NHS leads the way for paperless policing

by Steve Norris: Managing Partner, Criminal Justice and Emergency Services Practice

Even though there’s a lot of debate around whether the NHS goal of becoming paperless by 2018 is achievable, the benefits are not in question. Using digital technologies increases efficiencies and reduces cost. You’ll know that the upcoming spending review due on 25 November will see the police and the whole criminal justice sector be asked to deliver better services on smaller budgets. And I think paperless initiatives, currently under way in the health sector, provide a valuable guide on how that can be achieved.

Security at source

Security is of course an issue with any digital project. Just as data on convictions and ongoing operations has to remain secure, so does patient confidentiality and clinical records. Technologies like Mobile Device Management and Capsule give organisations the control to set and govern access and usage rights to individual devices and people – right down to sim level. They’ll work regardless of the location, whether on patrol or at the station, in court or working remotely. All documents stored in the cloud can also be encrypted, just in case a device falls into the wrong hands or is lost.

And this level of security can also be integrated with other technologies, such as body-worn cameras. Our Bluelight Managed Video solution provides instant and encrypted video recordings of any incident, helping increase conviction rates and providing an audit trail if required. Footage can be assigned to specific case records and easily accessed by court officials and lawyers if needed as evidence at a later date.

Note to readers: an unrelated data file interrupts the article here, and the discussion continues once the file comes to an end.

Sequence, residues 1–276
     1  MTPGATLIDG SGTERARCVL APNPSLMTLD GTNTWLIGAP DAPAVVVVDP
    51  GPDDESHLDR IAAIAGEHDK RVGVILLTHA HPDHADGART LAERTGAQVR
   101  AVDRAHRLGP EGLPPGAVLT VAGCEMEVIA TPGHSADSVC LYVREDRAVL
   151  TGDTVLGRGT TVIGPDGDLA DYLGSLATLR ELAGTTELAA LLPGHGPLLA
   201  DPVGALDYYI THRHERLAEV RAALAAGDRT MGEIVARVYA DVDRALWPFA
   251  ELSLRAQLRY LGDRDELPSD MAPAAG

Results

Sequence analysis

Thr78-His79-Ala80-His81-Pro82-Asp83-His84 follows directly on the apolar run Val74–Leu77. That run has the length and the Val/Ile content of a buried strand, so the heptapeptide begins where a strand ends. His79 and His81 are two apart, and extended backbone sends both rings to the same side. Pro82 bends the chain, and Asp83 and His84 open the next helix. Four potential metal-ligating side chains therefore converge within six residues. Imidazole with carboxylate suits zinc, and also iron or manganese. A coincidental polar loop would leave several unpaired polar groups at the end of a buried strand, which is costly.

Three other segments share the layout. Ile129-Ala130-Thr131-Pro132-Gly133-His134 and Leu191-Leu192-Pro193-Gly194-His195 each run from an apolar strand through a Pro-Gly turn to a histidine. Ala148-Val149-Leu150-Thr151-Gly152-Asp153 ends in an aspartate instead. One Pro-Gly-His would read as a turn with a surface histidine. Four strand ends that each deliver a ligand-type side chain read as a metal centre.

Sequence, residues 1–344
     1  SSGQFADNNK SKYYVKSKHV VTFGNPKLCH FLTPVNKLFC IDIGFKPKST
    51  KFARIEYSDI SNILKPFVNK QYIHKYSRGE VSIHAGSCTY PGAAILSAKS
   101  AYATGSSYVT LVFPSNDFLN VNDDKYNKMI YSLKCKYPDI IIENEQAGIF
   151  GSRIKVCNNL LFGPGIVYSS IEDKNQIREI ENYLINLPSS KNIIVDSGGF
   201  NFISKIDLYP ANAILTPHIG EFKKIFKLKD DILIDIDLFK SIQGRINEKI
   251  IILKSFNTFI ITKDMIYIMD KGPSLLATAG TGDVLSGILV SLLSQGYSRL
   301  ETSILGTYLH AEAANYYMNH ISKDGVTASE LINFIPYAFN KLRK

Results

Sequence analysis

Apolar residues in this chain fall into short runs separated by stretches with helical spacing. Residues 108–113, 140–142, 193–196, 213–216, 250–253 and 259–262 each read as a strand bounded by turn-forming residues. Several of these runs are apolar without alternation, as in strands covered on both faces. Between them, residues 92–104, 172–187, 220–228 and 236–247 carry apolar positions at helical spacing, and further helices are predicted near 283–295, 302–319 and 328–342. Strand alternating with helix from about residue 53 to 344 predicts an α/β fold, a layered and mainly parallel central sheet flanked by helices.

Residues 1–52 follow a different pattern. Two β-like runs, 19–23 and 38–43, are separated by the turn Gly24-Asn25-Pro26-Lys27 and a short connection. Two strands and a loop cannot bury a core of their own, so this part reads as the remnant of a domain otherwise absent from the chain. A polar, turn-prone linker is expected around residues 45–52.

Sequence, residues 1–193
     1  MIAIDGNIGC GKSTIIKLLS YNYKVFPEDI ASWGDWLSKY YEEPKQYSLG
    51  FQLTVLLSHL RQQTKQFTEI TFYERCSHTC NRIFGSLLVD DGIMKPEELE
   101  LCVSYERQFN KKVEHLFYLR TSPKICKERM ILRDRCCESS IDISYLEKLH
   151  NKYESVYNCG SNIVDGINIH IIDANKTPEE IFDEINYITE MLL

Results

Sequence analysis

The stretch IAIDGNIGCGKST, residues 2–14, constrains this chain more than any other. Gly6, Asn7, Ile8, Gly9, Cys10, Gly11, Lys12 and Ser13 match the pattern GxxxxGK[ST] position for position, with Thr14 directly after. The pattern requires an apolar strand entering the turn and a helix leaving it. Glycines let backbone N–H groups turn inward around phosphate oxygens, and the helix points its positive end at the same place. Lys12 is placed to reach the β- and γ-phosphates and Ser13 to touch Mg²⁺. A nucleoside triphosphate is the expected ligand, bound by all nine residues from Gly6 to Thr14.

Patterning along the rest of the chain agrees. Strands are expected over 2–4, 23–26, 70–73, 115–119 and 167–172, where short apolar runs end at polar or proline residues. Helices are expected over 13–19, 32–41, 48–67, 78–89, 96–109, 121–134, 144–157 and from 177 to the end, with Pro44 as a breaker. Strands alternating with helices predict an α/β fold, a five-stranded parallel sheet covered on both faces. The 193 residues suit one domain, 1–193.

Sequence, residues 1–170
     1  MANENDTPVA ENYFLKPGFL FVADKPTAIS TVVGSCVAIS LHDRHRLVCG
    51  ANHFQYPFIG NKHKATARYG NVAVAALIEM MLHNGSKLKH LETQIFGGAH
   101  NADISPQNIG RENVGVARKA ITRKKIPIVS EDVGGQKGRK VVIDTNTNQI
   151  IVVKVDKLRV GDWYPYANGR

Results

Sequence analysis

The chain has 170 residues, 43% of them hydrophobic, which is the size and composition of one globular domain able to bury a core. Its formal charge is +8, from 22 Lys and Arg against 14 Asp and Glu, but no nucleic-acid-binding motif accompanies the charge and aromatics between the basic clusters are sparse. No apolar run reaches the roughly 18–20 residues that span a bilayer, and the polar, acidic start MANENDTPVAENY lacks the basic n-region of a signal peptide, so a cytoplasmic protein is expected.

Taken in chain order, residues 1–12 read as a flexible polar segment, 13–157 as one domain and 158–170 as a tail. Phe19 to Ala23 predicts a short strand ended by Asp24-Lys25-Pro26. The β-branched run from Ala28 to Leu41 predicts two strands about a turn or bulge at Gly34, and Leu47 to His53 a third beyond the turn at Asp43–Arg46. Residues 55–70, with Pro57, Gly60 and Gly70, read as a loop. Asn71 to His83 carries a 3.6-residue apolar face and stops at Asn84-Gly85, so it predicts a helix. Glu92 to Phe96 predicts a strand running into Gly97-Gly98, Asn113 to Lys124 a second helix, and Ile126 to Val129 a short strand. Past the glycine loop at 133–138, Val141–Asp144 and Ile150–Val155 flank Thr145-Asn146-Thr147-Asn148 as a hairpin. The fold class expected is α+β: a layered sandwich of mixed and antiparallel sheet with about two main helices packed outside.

More efficiency at less cost

Because they’re cloud-based, these security technologies can protect devices wherever they’re being used. And it can help your people collaborate better and increase their productivity so they can spend more time out in the community. Records Management Systems, such as Niche, can be checked and updated via mobile devices, and full PNC checks can be undertaken without the need to return to a station or a vehicle.

I think a great example of the NHS reducing its reliance on paper can be found at the Pennine Acute Hospitals NHS Trust. It’s digitising up to 450 million records to remove paper case notes entirety. Clinicians will then be able to access records via an app from a patient’s bedside, allowing them to make quicker and more informed decisions.

Reduce your costs further

We’re seeing that replacing paper with digital technology isn’t just cost-effective in terms of increasing productivity, it also saves cash by allowing you to reconsider your overheads. We saw this in our work with the South London and Maudsley NHS Foundation Trust, which reduced its estate by 30%. It was able to move its staff out of the office and into the community by rolling out secure mobile devices with access to digital records. Its carers and clinicians can now make decisions in patients’ homes which has not only boosted its service levels, but means the Trust has also slashed its number of sites from 100 to fewer than 77.

So these are just some of the ways the NHS is providing digital lessons to the wider public sector. You can find more information in our whitepaper about paperless and how digital technology can help criminal justice organisations. Or, why not visit our website?